Its a place that we have been to many times for holidays over the years. We said jokingly that it would be great if we could do a Cornwall based game and create an opportunity to do a mini tour of Cornwall to find new locations, textures etc. And it really started from there. Eventually this turned into a serious idea, and we started to discuss which genre of game would be the best to incorporate the intrigue and the Cornish history of smuggling and coves, while showcasing the Cornish landscapes.
3/ What type of game is The Secret Cove going to be?
You play The Secret Cove from a first person perspective (although not an FPS), selected to enhance the immersive experience we are striving for.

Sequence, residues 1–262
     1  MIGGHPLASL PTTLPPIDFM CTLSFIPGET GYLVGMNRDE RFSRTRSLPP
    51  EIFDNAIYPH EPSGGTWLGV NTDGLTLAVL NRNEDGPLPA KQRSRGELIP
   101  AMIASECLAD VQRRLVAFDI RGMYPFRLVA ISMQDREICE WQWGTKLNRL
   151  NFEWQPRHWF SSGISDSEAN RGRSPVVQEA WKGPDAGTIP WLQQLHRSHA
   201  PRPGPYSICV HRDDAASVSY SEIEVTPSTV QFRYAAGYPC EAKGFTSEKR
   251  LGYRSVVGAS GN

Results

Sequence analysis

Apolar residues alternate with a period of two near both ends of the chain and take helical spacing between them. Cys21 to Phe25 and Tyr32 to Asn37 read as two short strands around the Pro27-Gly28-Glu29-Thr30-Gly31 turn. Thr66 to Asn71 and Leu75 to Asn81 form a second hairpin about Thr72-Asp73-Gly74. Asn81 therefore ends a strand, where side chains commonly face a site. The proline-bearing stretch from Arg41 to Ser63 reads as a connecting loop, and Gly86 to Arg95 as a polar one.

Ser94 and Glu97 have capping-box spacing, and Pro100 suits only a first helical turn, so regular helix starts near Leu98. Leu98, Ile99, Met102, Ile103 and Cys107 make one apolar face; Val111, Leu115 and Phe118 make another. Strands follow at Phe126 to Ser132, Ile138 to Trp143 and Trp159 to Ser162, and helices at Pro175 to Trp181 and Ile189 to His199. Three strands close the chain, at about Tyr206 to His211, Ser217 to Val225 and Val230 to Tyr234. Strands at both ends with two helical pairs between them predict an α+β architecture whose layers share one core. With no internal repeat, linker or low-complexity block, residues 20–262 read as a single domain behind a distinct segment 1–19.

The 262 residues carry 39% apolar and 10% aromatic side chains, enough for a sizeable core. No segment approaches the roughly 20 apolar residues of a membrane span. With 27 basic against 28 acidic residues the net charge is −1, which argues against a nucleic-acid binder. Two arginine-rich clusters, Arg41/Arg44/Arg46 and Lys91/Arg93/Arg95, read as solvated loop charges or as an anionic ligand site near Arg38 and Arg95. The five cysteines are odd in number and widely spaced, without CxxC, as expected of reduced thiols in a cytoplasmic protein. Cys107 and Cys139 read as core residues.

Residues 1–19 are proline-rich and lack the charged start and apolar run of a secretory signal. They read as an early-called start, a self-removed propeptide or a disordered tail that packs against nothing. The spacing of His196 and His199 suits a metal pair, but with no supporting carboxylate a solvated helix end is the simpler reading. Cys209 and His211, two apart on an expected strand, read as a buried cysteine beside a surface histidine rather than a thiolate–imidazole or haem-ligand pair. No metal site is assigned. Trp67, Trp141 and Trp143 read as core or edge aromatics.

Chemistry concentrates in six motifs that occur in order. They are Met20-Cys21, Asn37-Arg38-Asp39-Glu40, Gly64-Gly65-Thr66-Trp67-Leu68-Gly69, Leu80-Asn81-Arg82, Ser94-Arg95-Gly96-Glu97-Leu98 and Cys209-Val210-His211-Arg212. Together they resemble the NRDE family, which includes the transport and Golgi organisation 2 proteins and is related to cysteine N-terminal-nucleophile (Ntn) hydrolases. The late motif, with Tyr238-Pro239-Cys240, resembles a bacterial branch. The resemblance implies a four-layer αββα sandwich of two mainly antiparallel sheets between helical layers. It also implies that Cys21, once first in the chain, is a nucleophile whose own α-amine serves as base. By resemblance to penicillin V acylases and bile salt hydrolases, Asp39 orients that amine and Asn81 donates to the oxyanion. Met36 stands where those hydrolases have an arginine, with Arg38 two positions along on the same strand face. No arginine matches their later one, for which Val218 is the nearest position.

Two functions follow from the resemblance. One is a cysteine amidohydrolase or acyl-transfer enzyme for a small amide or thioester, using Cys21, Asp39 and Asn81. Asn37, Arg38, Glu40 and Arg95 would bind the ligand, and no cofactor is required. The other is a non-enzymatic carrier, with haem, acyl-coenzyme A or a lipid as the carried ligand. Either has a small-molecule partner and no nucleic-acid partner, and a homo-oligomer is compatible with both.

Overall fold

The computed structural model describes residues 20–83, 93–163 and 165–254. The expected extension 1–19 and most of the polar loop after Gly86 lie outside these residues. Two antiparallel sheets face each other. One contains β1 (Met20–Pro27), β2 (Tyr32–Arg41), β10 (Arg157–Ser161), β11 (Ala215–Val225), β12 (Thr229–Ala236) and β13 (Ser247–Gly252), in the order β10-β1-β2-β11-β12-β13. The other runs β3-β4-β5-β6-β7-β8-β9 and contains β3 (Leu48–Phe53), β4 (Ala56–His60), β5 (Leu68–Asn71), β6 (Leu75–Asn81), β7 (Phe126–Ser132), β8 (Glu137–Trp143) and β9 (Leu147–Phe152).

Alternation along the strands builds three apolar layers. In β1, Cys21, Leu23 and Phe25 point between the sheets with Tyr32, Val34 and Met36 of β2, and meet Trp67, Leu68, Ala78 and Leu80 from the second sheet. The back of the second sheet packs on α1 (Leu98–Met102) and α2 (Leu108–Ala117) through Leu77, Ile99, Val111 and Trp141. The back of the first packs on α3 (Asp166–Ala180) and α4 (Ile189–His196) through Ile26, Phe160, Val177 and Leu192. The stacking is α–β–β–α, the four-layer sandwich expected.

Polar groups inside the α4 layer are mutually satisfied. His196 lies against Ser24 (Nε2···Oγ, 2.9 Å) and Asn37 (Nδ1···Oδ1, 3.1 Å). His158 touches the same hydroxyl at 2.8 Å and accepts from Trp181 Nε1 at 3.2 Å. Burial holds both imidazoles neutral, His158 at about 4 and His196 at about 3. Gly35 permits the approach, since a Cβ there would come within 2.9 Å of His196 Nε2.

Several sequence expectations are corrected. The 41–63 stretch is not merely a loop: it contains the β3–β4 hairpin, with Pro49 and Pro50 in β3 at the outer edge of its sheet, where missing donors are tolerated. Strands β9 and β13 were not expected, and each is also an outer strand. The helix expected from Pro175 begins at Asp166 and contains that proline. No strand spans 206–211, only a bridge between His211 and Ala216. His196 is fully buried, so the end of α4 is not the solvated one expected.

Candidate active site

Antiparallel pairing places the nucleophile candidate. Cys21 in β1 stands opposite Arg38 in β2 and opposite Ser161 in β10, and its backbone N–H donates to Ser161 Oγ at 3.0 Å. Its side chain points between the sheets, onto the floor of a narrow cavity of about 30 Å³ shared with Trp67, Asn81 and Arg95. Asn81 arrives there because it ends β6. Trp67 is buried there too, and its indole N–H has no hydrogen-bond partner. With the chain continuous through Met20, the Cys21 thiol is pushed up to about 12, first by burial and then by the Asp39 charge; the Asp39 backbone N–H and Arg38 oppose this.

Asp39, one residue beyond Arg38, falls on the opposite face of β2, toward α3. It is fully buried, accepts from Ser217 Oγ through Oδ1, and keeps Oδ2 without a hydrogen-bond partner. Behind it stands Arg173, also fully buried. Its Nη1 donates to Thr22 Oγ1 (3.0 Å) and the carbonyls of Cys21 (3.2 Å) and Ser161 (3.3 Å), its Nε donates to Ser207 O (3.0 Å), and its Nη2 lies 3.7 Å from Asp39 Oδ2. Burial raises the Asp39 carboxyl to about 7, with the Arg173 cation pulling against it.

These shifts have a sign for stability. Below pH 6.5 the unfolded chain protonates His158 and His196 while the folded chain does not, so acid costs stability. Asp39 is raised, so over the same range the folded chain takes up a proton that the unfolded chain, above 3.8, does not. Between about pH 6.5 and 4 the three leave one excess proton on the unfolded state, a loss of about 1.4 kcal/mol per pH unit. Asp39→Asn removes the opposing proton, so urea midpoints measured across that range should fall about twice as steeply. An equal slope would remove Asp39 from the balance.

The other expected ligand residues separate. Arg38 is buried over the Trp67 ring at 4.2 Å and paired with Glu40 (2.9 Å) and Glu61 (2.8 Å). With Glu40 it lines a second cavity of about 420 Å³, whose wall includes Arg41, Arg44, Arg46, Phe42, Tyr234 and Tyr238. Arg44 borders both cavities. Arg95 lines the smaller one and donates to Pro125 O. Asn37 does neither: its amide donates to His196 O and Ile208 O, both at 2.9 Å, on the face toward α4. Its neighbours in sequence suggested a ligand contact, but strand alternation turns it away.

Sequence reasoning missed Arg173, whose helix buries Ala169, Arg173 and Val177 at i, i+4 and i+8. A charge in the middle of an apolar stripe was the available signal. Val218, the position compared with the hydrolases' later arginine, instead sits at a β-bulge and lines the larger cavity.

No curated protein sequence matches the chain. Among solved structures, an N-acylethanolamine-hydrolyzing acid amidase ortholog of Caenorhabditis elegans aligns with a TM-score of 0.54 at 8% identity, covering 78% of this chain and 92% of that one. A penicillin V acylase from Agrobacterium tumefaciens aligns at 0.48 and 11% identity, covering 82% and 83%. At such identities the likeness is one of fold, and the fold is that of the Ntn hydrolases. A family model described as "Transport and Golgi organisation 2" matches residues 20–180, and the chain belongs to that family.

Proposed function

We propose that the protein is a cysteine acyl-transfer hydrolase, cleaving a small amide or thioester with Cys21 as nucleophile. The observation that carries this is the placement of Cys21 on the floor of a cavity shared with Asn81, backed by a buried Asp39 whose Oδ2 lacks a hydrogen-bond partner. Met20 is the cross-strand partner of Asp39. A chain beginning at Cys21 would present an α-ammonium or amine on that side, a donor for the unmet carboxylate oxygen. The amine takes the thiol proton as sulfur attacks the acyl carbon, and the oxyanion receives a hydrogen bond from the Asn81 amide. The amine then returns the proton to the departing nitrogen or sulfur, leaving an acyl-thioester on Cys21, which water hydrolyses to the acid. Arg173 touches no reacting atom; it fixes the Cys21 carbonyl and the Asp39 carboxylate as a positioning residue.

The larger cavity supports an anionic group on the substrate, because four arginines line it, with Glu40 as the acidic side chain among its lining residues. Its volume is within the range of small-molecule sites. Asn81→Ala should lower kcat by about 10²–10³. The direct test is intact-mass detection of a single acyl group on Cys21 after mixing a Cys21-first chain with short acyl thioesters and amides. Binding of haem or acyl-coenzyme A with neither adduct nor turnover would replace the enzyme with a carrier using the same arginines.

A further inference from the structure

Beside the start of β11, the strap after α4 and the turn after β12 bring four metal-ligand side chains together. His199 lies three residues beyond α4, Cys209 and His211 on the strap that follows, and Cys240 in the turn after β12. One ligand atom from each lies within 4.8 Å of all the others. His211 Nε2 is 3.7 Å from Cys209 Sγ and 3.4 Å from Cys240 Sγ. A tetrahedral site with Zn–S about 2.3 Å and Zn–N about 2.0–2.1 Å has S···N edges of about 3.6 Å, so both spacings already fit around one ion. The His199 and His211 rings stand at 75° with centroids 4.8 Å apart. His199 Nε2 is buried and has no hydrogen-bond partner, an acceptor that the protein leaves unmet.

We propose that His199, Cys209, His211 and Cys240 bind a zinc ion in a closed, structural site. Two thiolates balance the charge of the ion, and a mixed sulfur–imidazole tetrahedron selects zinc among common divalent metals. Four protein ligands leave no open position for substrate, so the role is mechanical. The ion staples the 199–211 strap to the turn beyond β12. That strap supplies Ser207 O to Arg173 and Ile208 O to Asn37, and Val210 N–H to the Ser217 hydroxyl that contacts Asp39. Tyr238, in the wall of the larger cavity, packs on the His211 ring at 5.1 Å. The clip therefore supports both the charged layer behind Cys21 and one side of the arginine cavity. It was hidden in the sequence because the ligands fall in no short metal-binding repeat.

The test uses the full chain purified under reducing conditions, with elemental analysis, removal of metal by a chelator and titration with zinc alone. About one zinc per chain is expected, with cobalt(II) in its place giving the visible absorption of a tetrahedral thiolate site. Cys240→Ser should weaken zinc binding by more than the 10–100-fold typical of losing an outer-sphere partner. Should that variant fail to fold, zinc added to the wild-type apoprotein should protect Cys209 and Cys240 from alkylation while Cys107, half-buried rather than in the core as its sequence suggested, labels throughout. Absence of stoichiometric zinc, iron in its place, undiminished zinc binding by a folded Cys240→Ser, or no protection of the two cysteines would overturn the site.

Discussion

You will travel around a non linear world, solving story relevant puzzles, finding numerous artefacts and creating tools that you will need to use along the way to aid you in your quest.
The in game scenes will be 3D rendered with scrollable areas. There will be an abundance of particles, effects and Ai objects (such as crabs, seagulls, fish etc...) and sound effects
We wanted to make a game that is not only challenging, has great game play and is good fun but also offers an immersive experience. We strive to make an in game world that is interesting, interactive and that looks beautiful. Somewhere you can be active in the gameplay but also relax and enjoy the scenery around you.
We wanted to keep the game casual so that you can pick it up and play at anytime. By giving the game a modern style of graphics, using particles, a.I. Sprites, physics puzzles etc. To try to ensure an immersive experience. Our idea is to produce scenes that allow you to just sit back and relax whilst taking in the sights and the sounds of Cornwall without even having to play the game.
4/ How’s development been going so far?